Letters

Rush to Judgement
Regarding Patricia Calhoun's August 21 column, "Once Upon a Mattress":
KOA should fire Keith Weinman. The only reason to listen to any Jacor station is to hear Rush.

Don L. Lewis
Aurora

It's very appropriate that in last week's letters column, Mike Cooper compared Keith Weinman to "the missing link." Until men learn not to beat women, evolution has a long way to go.

Joy Frick
Boulder

Put That in Your Pipeline and Smoke It
I guess it was a slow news week that led to Ward Harkavy's "Pipeline to Palestine," in the August 14 issue. Reading this article, I didn't know what exactly I was supposed to feel--admiration? The fact is that these guns and ammo ended up killing and injuring untold numbers of civilians and soldiers. Gee, what's next? A Congressional Medal?

This story belonged in the National Review, not Westword.
Victor D. Padilla
Aurora

Are we supposed to admire Sam Sterling for running guns to Palestine in the late 1940s? "Jews carrying one-pound bricks of TNT would run up to Arab houses, jam short fuses into the bricks, light them, hurl them through a window, and run like hell," you say. If this appeared in an article about Bosnia, one would assume it was an example of the evil acts of vicious people. To Sam Sterling, though, a man who made such acts possible, it was merely "necessary." Sure, innocent Arabs had to be murdered in their homes, but at least "it was historically Jewish land," says Sterling--although is that a hint of guilt peeking through when he continues by saying, "if one could make that claim after 2,000 years"?

Of course, the only way to enforce such obscure claims is through murder, as no useful piece of land has remained empty for 2,000 years. In any case, the claim would be spurious even if claims from antiquity were valid. Many Israeli Jews, perhaps most, are not descended from inhabitants of the Holy Land. Many European Jews are descended from Asian tribes that were converted to Judaism, for instance, and black Ethiopian Jews are quite obviously not Semitic.

In order to build a new country in Palestine, the people who had lived there for generations had to be either subdued or removed, a process we now call ethnic cleansing. Sam Sterling is as guilty as the Yugoslavian Serbs who assisted in the cleansing of Bosnia. As the son of a Jewish survivor of the Holocaust who decided not to go to Israel, I believe that two wrongs do not make a right; the murder and displacement of thousands of Palestinians does not somehow make amends for the Holocaust, and the claim that it was necessary to create a safe place for Jews to live seems ridiculous--are Jews really safe in today's Israel?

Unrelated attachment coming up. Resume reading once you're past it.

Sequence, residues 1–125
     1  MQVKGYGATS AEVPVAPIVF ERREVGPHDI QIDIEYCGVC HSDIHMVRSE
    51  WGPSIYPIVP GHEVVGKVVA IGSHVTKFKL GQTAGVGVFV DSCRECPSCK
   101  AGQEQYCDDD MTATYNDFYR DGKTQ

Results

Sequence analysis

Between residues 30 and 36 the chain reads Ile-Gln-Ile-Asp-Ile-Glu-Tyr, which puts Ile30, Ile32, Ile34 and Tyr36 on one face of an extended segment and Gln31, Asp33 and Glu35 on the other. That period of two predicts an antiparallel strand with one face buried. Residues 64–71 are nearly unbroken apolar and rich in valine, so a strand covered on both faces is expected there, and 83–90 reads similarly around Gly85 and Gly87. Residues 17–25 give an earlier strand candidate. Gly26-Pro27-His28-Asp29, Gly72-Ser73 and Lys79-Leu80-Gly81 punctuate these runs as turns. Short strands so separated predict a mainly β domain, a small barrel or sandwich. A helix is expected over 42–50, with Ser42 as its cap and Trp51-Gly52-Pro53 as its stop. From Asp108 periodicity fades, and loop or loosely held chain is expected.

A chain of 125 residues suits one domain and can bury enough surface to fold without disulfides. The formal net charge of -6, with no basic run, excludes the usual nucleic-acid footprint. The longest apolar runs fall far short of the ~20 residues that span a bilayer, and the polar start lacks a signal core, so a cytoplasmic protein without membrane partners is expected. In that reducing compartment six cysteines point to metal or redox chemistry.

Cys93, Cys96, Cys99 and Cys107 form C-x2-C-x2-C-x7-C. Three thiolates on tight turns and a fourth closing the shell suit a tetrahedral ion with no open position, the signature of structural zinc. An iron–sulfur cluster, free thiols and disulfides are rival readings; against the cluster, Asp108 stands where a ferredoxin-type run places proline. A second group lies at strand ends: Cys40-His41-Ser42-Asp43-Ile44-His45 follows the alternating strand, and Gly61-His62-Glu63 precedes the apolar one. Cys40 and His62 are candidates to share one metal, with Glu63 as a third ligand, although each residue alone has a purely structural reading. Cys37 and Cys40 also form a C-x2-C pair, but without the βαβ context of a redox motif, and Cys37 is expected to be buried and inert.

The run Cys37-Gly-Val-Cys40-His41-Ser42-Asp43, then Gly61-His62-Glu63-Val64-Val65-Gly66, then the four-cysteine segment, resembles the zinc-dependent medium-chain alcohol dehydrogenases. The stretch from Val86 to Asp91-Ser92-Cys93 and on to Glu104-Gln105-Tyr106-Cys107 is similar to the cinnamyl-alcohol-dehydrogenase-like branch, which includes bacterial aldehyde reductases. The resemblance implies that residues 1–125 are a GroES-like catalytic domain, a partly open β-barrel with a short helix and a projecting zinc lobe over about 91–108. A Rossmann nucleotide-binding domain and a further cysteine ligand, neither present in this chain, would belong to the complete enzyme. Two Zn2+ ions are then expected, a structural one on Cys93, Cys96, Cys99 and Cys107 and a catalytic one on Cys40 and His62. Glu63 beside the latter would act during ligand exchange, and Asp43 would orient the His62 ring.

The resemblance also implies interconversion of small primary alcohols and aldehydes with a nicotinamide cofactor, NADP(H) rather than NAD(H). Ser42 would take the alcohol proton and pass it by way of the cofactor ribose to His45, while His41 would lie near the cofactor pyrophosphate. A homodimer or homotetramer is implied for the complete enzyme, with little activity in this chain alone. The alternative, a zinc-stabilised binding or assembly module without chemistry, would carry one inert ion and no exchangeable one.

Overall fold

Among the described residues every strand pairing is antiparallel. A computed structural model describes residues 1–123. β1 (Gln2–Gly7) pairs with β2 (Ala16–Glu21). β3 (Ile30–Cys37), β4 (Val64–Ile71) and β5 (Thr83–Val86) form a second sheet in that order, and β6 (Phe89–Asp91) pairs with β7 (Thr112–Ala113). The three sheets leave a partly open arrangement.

Peter Kent
via the Internet

Good Book, Chapter and Verse
I would like to make a few comments regarding Ward Harkavy's August 14 article, "King James's Version." Most Christians refuse to realize that the belief system they adhere to is more allied to a kind of liberal humanism than to the worship of that vengeful god Jehovah--a god who advocates genocide, rape, murder and slavery in his name.

They feel that the figure known as Jesus (the Christ), the son of this god, is exempt from these politically incorrect ideas, despite the fact that not only does he descend physically from King David (a murderer, liar and adulterer) but is also supposedly the incarnation or mouthpiece of said deity.

Religions fashioned by human hands as they are tend to reflect attempts at social engineering by their human creators rather than any spiritual influence by a supernatural "creator." Some religions prohibit the consumption of pork. This most likely originates from a health risk present at the time these texts were purported to have been written.

Also, at this time women were considered the property of men. Changing the wording of the Bible is another attempt at social engineering akin to the Klan saying "We're the new Klan, not the old Klan" to reflect the moral climate. The motives for these changes are painfully transparent.

Michael Todd
Denver

Take a Lode Off
Stuart Steers's article on Summo Mineral Corporation's recent encounter with the National Wildlife Federation ("Lode Warriors," August 7) makes prominent reference to the fact that, instead of copper, the company ran into a "rich lode of environmentalists." The article should have read, "a load of rich environmentalists."

Far from the warm, fuzzy image portrayed on wildlife calendars, groups such as the National Wildlife Federation are big business--a business that provides much in the way of employment for lawyers and litigators. With an annual budget of more than $97 million, a number that is much higher than the budgets of most industry associations, the organization packs considerable economic wallop when it comes to dishing out trouble for legitimate businesses whose only sin is the desire to conduct responsible mineral extraction and reclamation activities, hopefully at a profit, on lands where such activity is permissible under applicable law.

The NWF must continue to find "villains" in order to survive. Yet we in industry question whether a case against a responsible operator like Summo serves any legitimate environmental purpose or is simply part of a well-orchestrated campaign against mining in the West.

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